Date: Tuesday, January 27
The Hokies host Pitt on Tuesday night, and they are looking to get in the win column for the first time in the year 2015.
Pitt is 13-7 and 3-4 in the ACC. The Panthers aren’t quite as good as they usually are, and this isn’t likely to be an NCAA Tournament team. They went 0-2 this past week, but the losses were to Duke and Louisville. They are also just 1-5 on the road this year, with their lone win coming by one point in overtime against Boston College. The Hokies have a chance to pull the upset.
Pitt’s projected starting lineup looks like this:
G James Robinson (6-3, 198, Jr.): 10.1 ppg, 3.6 rpg, team-high 95 assists, team-high 23 steals. Robinson is a very experienced guard who has started 88 of 89 career games at Pitt. He isn’t a particularly good shooter (37.7% from the field and 26.4% from the outside), but he’s excellent at the free throw line (84.4%) and he knows how to run this Pitt offense.
G Cameron Wright (6-5, 205, r-Sr.): 8.8 ppg, 3.3 rpg, Wright isn’t flashy, nor is he a good shooter. However, he has a very high IQ, both on and off the court. He was last year’s ACC Scholar Athlete of the Year. He stared 36 games last year for the Panthers.
G/F Chris Jones (6-6, 213, r-So.): 9.1 ppg, 3 rpg. Jones has made 25 three-pointers (35.7%) this year, which is tops on a team that doesn’t rely on the three-pointer to score points.
F Jamel Artis (6-7, 220, So.): 10.9 ppg, 5.2 rpg. Artis is Pitt’s undersized power forward. He is averaging 18 points over his last four games. Artis is an effective three-point shooter at 37.2%, and he is deadly from the free-throw line at 85%.
F Michael Young (6-9, 235, So.): 13.6 ppg, 7.7 rpg. Young has scored in double figures in 11 of his last 12 games. He’s a 71% free throw shooter, and he has blocked 17 shots on the year.
This Pitt team doesn’t feature the size on the inside of most Pitt teams, and that has hurt them. Though Artis and Young are playing well, the Panthers don’t have any other post threats on their roster, and they don’t shoot it particularly well from the outside (32.4%, eighth in the ACC).
Pitt is a team that relies on scoring from inside the arc and getting to the free throw line. In fact, they are the polar opposite of the Hokies in three-point shooting and free throw shooting.
3Pt: VT 131-of-341 for 38.4%, Pitt 90-of-278 for 32.4%
FT: VT 209-of-347 for 60.2%), Pitt 284-of-396 for 71.7%
It’s mystifying that a team (VT) that can shoot nearly 40% from the outside can barely hit 60% of their shots from the free throw line. Adam Smith is a 43.3% three-point shooter, but only a 69.2% free throw shooter.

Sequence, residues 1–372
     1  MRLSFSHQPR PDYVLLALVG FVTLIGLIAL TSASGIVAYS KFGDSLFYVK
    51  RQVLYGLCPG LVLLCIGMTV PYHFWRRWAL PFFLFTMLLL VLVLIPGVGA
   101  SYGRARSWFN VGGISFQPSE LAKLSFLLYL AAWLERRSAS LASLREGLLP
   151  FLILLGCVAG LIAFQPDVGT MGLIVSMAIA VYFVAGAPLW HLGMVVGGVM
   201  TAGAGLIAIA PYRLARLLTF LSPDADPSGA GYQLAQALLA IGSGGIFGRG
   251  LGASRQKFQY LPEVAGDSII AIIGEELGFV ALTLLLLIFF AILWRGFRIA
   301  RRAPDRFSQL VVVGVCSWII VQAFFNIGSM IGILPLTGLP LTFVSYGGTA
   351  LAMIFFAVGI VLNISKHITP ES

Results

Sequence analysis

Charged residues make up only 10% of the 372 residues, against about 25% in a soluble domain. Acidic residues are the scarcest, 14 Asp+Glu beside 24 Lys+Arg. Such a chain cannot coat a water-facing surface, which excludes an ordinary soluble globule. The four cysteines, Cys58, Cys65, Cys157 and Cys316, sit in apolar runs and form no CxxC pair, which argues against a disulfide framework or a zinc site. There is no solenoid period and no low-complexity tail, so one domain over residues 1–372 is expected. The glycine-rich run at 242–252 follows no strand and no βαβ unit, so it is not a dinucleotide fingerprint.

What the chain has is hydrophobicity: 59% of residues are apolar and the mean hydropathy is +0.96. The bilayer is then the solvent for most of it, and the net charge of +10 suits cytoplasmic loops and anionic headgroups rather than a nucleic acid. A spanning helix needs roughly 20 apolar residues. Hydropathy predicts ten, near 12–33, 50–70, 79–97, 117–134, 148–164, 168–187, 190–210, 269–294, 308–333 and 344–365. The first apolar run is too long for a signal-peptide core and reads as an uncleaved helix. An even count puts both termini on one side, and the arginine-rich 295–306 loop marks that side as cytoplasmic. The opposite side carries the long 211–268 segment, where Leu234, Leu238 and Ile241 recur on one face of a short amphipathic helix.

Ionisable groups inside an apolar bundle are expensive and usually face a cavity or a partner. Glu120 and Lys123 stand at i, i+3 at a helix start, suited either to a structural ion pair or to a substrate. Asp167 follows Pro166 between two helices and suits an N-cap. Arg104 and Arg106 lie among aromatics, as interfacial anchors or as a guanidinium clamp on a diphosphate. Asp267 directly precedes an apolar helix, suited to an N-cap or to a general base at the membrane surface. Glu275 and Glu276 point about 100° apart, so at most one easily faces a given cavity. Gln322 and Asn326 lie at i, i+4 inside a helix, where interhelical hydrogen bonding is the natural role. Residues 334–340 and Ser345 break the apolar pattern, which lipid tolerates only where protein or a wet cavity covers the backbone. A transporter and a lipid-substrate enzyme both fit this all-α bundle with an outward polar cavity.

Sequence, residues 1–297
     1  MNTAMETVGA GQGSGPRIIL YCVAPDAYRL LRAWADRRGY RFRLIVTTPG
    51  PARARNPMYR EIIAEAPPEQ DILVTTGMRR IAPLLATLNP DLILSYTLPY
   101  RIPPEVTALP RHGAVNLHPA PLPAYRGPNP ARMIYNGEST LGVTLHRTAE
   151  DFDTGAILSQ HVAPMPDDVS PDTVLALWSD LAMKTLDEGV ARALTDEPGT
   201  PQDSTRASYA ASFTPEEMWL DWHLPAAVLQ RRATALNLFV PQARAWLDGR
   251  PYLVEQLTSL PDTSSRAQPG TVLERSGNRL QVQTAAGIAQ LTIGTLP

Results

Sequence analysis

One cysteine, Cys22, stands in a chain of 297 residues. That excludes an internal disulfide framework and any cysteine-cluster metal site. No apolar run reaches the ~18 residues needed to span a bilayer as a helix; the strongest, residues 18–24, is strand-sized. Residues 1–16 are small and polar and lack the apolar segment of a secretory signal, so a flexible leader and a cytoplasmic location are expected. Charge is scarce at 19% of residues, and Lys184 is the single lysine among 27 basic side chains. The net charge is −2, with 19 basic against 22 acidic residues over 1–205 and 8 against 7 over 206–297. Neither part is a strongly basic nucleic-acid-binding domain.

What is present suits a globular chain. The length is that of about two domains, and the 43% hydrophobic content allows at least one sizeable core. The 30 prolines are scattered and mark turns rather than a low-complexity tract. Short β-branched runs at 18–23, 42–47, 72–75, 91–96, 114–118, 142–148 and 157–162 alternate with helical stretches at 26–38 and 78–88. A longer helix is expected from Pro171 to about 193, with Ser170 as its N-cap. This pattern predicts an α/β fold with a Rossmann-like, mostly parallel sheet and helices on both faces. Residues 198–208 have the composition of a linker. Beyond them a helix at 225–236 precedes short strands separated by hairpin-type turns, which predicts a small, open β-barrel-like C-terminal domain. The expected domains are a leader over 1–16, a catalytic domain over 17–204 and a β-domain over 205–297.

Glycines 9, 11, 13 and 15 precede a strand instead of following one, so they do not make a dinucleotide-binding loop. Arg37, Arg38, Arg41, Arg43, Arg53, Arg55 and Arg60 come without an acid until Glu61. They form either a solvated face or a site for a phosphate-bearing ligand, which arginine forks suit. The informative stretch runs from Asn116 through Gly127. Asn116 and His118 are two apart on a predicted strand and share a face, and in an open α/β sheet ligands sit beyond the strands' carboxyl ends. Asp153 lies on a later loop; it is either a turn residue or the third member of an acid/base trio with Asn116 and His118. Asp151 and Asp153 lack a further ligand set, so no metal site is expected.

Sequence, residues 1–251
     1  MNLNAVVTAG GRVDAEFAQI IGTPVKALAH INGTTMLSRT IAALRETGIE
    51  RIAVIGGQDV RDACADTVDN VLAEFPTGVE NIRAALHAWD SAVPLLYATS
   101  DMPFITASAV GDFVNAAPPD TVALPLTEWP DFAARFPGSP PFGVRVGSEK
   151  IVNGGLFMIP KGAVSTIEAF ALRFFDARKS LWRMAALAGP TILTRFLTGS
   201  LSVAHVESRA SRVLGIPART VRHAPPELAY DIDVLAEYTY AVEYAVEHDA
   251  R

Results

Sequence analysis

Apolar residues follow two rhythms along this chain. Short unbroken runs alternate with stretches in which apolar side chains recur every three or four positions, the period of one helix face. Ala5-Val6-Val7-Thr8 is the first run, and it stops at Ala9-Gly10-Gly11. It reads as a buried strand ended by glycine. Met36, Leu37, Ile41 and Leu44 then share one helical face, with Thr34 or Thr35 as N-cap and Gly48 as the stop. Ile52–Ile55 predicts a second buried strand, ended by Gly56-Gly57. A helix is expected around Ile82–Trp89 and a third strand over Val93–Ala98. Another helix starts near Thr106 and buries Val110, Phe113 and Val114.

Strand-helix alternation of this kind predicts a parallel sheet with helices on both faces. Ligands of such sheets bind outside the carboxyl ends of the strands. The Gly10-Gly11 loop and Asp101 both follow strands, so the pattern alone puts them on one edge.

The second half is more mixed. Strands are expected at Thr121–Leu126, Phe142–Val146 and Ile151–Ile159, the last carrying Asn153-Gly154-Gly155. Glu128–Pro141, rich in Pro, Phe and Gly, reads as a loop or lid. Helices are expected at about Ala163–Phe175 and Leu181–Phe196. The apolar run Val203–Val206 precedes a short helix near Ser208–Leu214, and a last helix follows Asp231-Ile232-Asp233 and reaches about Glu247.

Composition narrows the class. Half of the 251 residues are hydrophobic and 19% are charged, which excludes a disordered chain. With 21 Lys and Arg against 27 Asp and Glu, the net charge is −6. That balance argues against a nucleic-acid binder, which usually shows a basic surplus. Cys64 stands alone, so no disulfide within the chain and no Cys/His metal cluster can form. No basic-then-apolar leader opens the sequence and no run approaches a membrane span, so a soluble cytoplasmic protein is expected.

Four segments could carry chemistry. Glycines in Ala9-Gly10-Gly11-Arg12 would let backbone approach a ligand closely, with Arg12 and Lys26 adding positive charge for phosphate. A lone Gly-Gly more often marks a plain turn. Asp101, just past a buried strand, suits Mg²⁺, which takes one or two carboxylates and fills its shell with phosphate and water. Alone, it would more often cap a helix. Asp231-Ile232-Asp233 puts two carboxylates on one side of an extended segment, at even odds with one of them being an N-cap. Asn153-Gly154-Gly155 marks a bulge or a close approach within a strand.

Meanwhile, the Panthers might not be anything special from the outside, but they convert a very high percentage of their free throw attempts, which helps their points per possession. The Hokies need to deny the ball and keep Pitt on the perimeter.
Here are the advanced stats:
Offensive efficiency: VT #169, Pitt #71
Defensive efficiency: VT #199, Pitt #195
Rebounding rate: VT #328, Pitt #133
Turnovers per possession: VT #170, Pitt #19
Opp. Turnovers per possession: VT #101, Pitt #216
This game, like all of Tech’s games it seems, should come down to possessions. The Hokies nearly beat UVA, and they would have, had they not been crushed in scoring opportunities. The Hoos had 12 offensive rebounds to just one for the Hokies (+11 for UVA), and they were also +1 in turnover margin. That gave UVA a total of 12 more chances to score. They wound up taking seven more shots than the Hokies (49-42) and five more free throws (12-7).
In two other close or relatively close ACC games, it was the same story:
Syracuse: +4 in offense rebounds, +3 in turnovers, a total of seven more chances to score for Syracuse. The Orange won by two points and outshot Tech 59-56 from the field and 28-17 from the line.
UNC: +12 in offensive rebounds, -3 in turnovers, a totally of nine more chances to score for UNC. The Heels won by 15 and outshot VT 59-53 from the field and 17-11 from the line.
Overall in conference play, the Hokies have been outshot 343-331 from the field and 120-86 from the line.
This is the ACC, where there is not much margin for error for even the best teams in the league. The Hokies have to find a way to do a little better on the boards, and they have to be better in the turnover game. If they can give themselves more scoring opportunities than the opposition, they’ll have a much better chance to win.